• Influenza continues to circulate in many regions across the country.
    • The second smaller wave of influenza activity, dominated by A(H3N2), decreased this week.
    • Detections of influenza A(H3N2) have been steadily increasing since mid-January and account for 89% of subtyped influenza A detections this week; however, influenza A(H1N1)pdm09 remains the predominant subtype to date this season.
    • Detections of influenza A continue to be greater than those of influenza B. There is currently very little influenza B circulation compared to previous seasons.


    On this page

    Influenza/Influenza-like Illness Activity (geographic spread)

    During week 16, the following influenza activity levels were reported (Figure 1):
    • 14 regions reported localized activity: in Man.(1), Ont.(7), Que.(2), N.B.(1), N.S.(2), and Y.T.(1).
    • 22 regions reported sporadic activity: in B.C.(5), Man.(3), Que.(4), N.S.(2), N.B.(6), P.E.I (1) and N.W.T.(1)
    • Two regions: in Man.(1) and N.W.T.(1) reported no activity.



    Figure 1 – Map of overall influenza/ILI activity by province and territory, Canada, week 2019-16

    Figure 1 - Text equivalent Laboratory-Confirmed Influenza Detections

    In week 16, the following results were reported from sentinel laboratories across Canada (Figures 2 and 3):
    • The percentage of tests positive for influenza decreased to 17% in week 16.
    • A total of 1,024 laboratory detections of influenza were reported, of which 85% were influenza A.
    • Influenza A(H3N2) accounted for 89% of subtyped influenza A detections.
    To date this season, 44,970 laboratory-confirmed influenza detections have been reported:
    • 97% have been influenza A.
    • Among the 15,235 influenza A viruses subtyped, 73% have been A(H1N1)pdm09.
    • Influenza B often circulates later in the season in Canada (Feb-Apr). Fewer influenza B detections have been reported this season compared to recent seasons at this time of year.
    To date this season, detailed information on age and type/subtype has been received for 36,036 laboratory-confirmed influenza cases (Table 1):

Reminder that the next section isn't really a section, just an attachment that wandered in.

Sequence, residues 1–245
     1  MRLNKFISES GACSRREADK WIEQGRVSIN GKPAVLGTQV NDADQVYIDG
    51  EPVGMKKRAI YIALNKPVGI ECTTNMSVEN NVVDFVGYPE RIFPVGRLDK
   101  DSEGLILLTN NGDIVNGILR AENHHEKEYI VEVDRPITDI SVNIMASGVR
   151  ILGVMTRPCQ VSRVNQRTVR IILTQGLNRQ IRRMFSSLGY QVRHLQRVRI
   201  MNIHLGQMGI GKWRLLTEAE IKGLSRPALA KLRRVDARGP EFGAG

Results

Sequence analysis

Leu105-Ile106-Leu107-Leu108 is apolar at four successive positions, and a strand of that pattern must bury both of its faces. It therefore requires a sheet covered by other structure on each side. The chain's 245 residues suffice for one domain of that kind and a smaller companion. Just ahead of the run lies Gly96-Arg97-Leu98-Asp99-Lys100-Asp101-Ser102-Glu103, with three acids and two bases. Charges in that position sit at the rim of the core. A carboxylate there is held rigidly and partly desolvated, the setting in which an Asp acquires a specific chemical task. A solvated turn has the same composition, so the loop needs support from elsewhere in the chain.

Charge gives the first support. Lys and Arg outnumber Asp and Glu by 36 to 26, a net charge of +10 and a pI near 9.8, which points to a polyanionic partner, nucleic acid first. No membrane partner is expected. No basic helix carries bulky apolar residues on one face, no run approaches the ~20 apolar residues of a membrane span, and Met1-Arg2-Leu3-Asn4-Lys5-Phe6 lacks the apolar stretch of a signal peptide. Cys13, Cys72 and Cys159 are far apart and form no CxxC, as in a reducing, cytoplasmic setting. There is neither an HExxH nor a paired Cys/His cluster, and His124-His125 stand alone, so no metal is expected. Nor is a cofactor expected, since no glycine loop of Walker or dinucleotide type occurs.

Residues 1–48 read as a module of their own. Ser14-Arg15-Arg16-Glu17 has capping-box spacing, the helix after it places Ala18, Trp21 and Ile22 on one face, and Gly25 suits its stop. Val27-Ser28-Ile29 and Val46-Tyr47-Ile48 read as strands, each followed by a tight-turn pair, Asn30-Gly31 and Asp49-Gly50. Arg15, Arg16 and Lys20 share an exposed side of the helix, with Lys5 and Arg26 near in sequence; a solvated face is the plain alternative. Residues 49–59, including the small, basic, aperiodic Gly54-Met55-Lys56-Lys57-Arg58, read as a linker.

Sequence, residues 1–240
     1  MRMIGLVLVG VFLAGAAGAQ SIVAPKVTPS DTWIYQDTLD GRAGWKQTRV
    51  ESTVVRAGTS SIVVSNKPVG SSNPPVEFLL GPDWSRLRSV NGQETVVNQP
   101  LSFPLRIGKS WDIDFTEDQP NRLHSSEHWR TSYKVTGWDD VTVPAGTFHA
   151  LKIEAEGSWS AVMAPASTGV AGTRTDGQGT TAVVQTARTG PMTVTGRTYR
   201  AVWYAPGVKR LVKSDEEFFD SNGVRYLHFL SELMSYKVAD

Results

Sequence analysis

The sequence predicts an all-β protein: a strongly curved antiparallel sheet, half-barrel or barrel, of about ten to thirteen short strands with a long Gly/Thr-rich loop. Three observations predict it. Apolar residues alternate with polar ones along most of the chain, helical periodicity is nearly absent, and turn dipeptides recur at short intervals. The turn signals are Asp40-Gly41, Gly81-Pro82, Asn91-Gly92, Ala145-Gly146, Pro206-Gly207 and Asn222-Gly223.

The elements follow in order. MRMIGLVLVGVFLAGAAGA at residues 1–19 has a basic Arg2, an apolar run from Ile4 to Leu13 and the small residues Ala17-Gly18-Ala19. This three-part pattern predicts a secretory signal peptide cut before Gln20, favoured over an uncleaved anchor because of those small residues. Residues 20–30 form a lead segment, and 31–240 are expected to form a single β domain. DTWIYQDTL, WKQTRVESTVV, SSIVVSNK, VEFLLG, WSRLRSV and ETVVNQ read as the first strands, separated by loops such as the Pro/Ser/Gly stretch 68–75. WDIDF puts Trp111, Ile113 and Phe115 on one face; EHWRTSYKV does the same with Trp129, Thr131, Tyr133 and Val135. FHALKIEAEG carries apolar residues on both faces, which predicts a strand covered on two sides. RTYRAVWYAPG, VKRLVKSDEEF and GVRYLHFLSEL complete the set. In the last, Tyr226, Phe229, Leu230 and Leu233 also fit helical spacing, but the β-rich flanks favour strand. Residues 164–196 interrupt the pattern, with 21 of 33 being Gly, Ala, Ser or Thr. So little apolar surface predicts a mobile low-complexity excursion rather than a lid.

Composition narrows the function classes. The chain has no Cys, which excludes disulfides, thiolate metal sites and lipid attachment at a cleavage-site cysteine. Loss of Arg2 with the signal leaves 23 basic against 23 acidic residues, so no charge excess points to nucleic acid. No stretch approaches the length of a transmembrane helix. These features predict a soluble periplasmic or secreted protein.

• 83% of all influenza A(H1N1)pdm09 detections have been reported in individuals younger than 65 years of age.
    • 58% of all influenza A(H3N2) detections have been reported in adults 65 years of age and older.
    For more detailed weekly and cumulative influenza data, see the text descriptions for Figures 2 and 3 or the Respiratory Virus Detections in Canada Report.
    Figure 2 – Number of positive influenza tests and percentage of tests positive, by type, subtype and report week, Canada, weeks 2018-35 to 2019-16

    The shaded area indicates weeks where the positivity rate was at least 5% and a minimum of 15 positive tests were observed, signalling the period of seasonal influenza activity.
    Data for week 14 excludes subtyping results from one jurisdiction due to batch reporting of subtype information. The results for week 14 should be interpreted with caution.
    Figure 2 - Text equivalent Figure 3 – Cumulative numbers of positive influenza specimens by type/subtype and province/territory, Canada, weeks 2018-35 to 2019-16

    Figure 3 - Text equivalent
    0-4 6566 1679 213 4674 195 6761 19%
    5-19 4967 1387 416 3164 330 5297 15%
    20-44 6661 1990 536 4135 230 6891 19%
    45-64 6757 1950 549 4258 92 6849 19%
    65+ 10027 1452 2341 6234 211 10238 28%
    Total 34978 8458 4055 22465 1058 36036 100%
    Table 1 – Note 1 UnS: unsubtyped: The specimen was typed as influenza A, but no result for subtyping was available.
    Return to Table 1 – Note1 referrer.
    Syndromic / Influenza-like Illness Surveillance

    Healthcare Professionals Sentinel Syndromic Surveillance

    In week 16, 0.8% of visits to healthcare professionals were due to influenza-like illness (ILI) (Figure 4).
    Figure 4 – Percentage of visits for ILI reported by sentinels by report week, Canada, weeks 2018-35 to 2019-16

    Number of Sentinels Reporting in Week 16: 91
    The shaded area represents the maximum and minimum percentage of visits for ILI reported by week from seasons 2013-2014 to 2017-2018
    Figure 4 - Text equivalent Participatory Syndromic Surveillance

    In week 16, 1,904 participants reported to FluWatchers, of which 46 (2.4%) reported symptoms of cough and fever (Figure 5).
    Among the 46 participants who reported fever and cough:
    • 13% consulted a healthcare professional;
    • 65% reported days missed from work or school, resulting in a combined total of 92 missed days of work or school.
    Figure 5 - Percentage of participants reporting cough and fever, Canada, weeks 2018-40 to 2019-16

    Number of Participants Reporting in Week 16: 1,904
    Figure 5 - Text equivalent Influenza Outbreak Surveillance

    In week 16, 21 new laboratory-confirmed influenza outbreaks were reported: long-term care facilities (LTCF) (12) and other settings (9). Three new ILI outbreaks were reported: LTCF (2) and schools (1). Among the outbreaks with available subtype information (7), all were associated with influenza A(H3N2).
    To date this season, 753 laboratory-confirmed influenza outbreaks have been reported (Figure 6):
    • 441 (59%) outbreaks were in LTCF, 30 were in schools and daycares, 113 in acute care facilities, and 169 were in other settings.
    • Among the 662 outbreaks for which the influenza type was available, 98% (648) were associated with influenza A.